We were up at 6.30 this morning, and we looked out of our window to see that Ambition was at anchor off the pretty little town of Tobermory, on the Isle of Mull. We had never been here before and were so looked forward to exploring.
What I found quite interesting and amusing was people’s perceptions of the name ‘Tobermory’ according to their age group. For me, the first thing that springs to mind is Tobermory Womble, as I was a kid in the 1970s when all the Wombles TV programmes and novelty songs were out. However, those who were born in the mid-1990s or later would no doubt think of the kids’ programme Balamory, which first aired in 2002 and features characters whose clothing is the same colour as the houses they live in. 🙂
So here we were, up early because we were booked on a walking tour of the town from eight o’clock, but as the ship was at anchor we had to meet as a group in the Palladium theatre at 7.25am so we could be sure of being one of the first off the ship and on the liberty boat for the short ride across. The weather was a bit cloudy today, but quite warm, and we hoped the sun would come out to highlight this picturesque and colourful little town by the sea.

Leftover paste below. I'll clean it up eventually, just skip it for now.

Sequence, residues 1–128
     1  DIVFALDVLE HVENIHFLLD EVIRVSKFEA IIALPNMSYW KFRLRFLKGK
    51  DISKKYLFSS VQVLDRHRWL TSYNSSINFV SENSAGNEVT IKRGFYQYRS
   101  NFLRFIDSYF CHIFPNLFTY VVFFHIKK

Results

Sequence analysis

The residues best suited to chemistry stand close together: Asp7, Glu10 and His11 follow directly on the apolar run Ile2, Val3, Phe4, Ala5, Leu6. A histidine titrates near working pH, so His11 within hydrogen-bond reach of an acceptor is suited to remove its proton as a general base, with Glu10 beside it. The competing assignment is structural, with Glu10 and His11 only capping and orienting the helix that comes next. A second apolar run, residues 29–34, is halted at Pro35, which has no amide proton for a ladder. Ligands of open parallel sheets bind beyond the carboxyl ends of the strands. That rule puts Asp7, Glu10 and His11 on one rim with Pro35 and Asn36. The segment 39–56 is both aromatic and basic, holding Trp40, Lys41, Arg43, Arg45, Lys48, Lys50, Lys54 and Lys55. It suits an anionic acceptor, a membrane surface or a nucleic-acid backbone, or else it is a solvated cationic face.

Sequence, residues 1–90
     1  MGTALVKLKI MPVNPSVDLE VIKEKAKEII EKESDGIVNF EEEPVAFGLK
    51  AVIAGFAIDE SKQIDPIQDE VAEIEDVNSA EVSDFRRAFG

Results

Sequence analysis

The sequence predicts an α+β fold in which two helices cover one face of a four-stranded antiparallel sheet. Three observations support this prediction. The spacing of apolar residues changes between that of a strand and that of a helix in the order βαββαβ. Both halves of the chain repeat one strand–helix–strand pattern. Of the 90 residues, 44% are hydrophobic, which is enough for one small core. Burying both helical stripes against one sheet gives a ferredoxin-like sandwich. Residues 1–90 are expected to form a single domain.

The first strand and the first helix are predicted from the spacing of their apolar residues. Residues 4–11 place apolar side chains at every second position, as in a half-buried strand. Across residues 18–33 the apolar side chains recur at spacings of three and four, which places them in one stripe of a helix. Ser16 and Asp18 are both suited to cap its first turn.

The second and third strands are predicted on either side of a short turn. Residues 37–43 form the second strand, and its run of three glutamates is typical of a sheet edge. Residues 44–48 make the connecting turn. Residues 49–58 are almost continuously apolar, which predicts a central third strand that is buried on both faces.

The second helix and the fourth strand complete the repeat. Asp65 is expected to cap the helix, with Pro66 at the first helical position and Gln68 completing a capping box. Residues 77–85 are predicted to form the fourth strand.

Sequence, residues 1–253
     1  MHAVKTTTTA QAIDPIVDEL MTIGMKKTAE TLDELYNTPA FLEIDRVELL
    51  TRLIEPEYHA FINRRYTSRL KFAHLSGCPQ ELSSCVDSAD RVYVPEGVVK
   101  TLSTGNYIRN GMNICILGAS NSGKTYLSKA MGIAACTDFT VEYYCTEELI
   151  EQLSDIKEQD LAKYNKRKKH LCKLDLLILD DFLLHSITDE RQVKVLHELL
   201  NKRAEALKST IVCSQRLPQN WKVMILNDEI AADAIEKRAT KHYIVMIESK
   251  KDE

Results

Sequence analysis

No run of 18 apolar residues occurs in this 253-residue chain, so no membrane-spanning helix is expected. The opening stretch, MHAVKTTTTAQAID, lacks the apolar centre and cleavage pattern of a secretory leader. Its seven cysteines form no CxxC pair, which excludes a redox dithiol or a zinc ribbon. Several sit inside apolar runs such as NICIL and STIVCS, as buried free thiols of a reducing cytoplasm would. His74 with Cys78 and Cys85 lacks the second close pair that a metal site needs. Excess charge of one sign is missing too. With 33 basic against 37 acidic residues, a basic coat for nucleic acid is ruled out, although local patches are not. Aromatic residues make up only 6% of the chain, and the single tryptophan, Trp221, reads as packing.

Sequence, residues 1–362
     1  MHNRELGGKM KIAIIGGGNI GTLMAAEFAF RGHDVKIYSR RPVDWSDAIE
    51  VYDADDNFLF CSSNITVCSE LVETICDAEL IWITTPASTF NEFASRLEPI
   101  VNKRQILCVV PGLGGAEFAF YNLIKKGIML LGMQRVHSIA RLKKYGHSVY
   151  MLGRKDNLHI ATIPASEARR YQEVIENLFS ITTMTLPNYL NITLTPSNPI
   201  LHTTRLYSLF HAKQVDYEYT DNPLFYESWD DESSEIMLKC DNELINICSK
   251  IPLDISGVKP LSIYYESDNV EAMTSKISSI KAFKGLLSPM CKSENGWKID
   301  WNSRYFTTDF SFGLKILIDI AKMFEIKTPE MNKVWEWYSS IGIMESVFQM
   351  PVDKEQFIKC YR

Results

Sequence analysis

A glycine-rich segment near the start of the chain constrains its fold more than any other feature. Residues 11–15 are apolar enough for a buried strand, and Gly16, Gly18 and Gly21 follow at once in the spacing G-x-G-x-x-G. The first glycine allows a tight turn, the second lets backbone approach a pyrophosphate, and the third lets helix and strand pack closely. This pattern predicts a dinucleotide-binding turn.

We enjoyed a light breakfast in the Borough Market, washed down with orange juice and coffee, before returning to 9187 to collect our money, credit card, cruise cards and cagoule and making our way to the theatre to await the call for the tender. It didn’t take too long, and we proceeded to the exit where the landing pontoon was in place, the tender bobbing gently up and down as plenty of crew members helped us to board safely. I hoped to be able to get some great photos of the Ambition from this level, but we were on the wrong side of the boat and the plastic ‘windows’ were spotted with drops of rain and sea spray in any case, so I’d have to try to take a photo on the way back.
Once we’d all disembarked and stood on the dock side, we were met by local guide, Reay Whyte, who would be taking us around the town and showing us some of the sights as well as the best vantage points for a photo. The drizzle seemed to have eased off a bit by now (good!) so I shrugged off my cagoule; I hoped it would stay dry. While we waited for the rest of the group to catch up, I took the opportunity to get some photos of the sea front and the famously brightly-coloured buildings, as well as the Ambition at anchor, for which the zoom on my Galaxy S21 phone came in very handy. 🙂